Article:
Optical fiber communications
The third edition of this popular text and reference book presents the fundamental principles for understanding and applying optical fiber technology to sophisticated modern telecommunication systems.
Optical-fiber-based telecommunication networks have become a major information-transmission-system, with high capacity links encircling the globe in both terrestrial and undersea installations. Numerous passive and active optical devices within these links perform complex transmission and networking functions in the optical domain, such as signal amplification, restoration, routing, and switching. Along with the need to understand the functions of these devices comes the necessity to measure both component and network performance, and to model and stimulate the complex behavior of reliable high-capacity networks.
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(Reproduced with permission from Sato,1 © 1983, IEEE.) In this case, the carrier-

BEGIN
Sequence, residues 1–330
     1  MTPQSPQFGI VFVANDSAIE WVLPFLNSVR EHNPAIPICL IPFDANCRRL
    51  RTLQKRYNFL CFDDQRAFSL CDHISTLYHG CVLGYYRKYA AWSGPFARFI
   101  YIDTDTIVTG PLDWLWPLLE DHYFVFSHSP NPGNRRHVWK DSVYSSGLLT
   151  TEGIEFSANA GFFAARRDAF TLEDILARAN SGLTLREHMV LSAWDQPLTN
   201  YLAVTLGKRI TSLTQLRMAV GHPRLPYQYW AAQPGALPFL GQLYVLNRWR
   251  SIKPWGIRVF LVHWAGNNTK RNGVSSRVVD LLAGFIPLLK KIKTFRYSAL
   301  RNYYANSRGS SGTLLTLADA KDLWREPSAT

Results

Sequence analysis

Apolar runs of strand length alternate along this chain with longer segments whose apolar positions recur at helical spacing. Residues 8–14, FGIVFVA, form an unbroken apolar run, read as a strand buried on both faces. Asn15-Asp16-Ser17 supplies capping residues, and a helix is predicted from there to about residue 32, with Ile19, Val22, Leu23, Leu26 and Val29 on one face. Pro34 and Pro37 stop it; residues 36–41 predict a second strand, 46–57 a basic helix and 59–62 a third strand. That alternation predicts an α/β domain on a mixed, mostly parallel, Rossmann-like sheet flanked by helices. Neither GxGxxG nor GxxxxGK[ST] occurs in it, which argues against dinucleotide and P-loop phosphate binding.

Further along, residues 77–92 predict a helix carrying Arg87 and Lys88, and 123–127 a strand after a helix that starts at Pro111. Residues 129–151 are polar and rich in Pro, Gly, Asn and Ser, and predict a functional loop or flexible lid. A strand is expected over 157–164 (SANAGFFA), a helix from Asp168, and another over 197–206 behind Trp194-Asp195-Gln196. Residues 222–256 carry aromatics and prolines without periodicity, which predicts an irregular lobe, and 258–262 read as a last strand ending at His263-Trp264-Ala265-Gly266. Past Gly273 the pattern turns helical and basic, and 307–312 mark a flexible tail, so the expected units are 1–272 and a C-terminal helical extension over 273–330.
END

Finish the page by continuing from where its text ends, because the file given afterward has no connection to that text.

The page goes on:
to-noise ratio is directly proportional to the square of the received optical power,
so that for each 1-dB variation in received optical power, C/N will change by 2 dB
(Reproduced with permission from Way,2 © 1989, IEEE.) Preamplifier noise
figure = 2 dB AM bandwidth per channel = 4 MHz FM bandwidth per channel =
30 MHz Again, assuming a per-channel optical modulation index of 5 percent,
the AM ...
(Reproduced with permission from Barry and Humblet,42 © IEEE, 1996.) effect.
Analogous to Fig. 12-22, this depicts the achievable utilization p for Pb = 10-3 as
a function of the number of wavelengths for H = 5, 10, and 20 hops. In contrast to
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Overview of Optical Fiber Communications
Structures Waveguiding and Fabrication
Signal Degradation in Optical Fibers
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